I administer a small neighborhood page on Facebook and keep up with another neighborhood email list. I’ve found that in the pseudo-privacy of the internet, many people openly express their deep prejudices against others, especially against those who have few material possessions.
One discussion sprang up after someone posted a photo of a man and his dog. The man stood at the bottom of an exit ramp holding a will-work-for-food sign printed on a cardboard box top. His dog lay at his feet. People admired the dog, wondered if the man had stolen it, speculated about its health, and proposed to rescue it. Not one person suggested that they might help the man in his need.
In another discussion, people posted comments about a church parking lot that had become a gathering place for people experiencing homelessness. The talk was that the people were vagrants and drug users, and some called for the church to contact police. No one talked about going to the group, inquiring about their needs, and maybe even inviting them to church services.
On my Facebook page, a group began to fight the location of a dollar store on the edge of my neighborhood, where the store could serve a nearby community that lacked access to a food store. The arguments ranged from the quality of the groceries to the need for a quaint coffee shop. Finally, one commenter got to the real fear: A store for a poorer clientele would drive down property values.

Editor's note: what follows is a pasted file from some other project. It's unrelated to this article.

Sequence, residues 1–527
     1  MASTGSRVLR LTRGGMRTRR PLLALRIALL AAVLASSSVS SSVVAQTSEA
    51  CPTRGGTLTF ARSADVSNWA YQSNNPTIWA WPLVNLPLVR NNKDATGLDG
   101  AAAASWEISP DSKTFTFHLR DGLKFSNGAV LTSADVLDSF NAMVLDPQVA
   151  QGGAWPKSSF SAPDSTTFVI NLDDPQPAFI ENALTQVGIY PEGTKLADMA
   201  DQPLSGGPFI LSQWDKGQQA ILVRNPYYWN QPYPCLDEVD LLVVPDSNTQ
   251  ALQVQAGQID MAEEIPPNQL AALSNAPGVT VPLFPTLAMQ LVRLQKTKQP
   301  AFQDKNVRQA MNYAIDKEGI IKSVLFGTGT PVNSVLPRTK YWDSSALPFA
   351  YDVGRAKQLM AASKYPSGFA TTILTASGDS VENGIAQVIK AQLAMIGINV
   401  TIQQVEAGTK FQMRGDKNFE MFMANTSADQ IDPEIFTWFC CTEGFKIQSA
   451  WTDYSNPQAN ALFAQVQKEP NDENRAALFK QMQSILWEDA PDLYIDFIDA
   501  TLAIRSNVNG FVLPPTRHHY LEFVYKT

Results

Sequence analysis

The scriptures have a plain answer for this: “Those who are generous are blessed, for they share their bread with the poor. Do not rob the poor because they are poor, . . . for the LORD pleads their cause.”
O Source of all worth, lead us to act with the same compassion we receive from you. Amen.
It is sometimes an uncomfortable subject for many, but God does have ethical standards. The author of Proverbs declares that those who act unjustly, particularly if they oppress the poor, will provoke God’s judgment. The psalmist repeats the refrain that God blesses the righteous but is not pleased with those who choose a consistent lifestyle of rebellion against God. James challenges us practically on this point. Do we judge people by their wealth or status? This is not from God. True faith shows no partiality and prompts action. Jesus models this in Mark when he heals two Gentiles. Jews and Gentiles generally remained separate (an ancient form of racism), but Jesus did not discriminate based on their ethnicity. He cared only about their hearts.
Read Proverbs 22:1-2, 8-9, 22-23. How has God shown you that there is no difference between persons who are rich and persons who are poor? How does this affect your actions?
Read Psalm 125. When have you seen righteousness in someone the community (or the church) has labeled “wicked”?
Read James 2:1-17. How do your works support your faith? How does your faith in God move you to action on behalf of others?
Read Mark 7:24-37. God calls us to love all our neighbors. How can you be a good neighbor to those your community has excluded?
Respond by posting a prayer.
This season, Whitney R. Simpson has given us the gift we must open: a clear, accessible invitation to connect with the divine spark that is within us. This is the best present: being present for Jesus’ birth, God made human.”
Learn more about our newest Advent resource, Fully Human, Fully Divine here.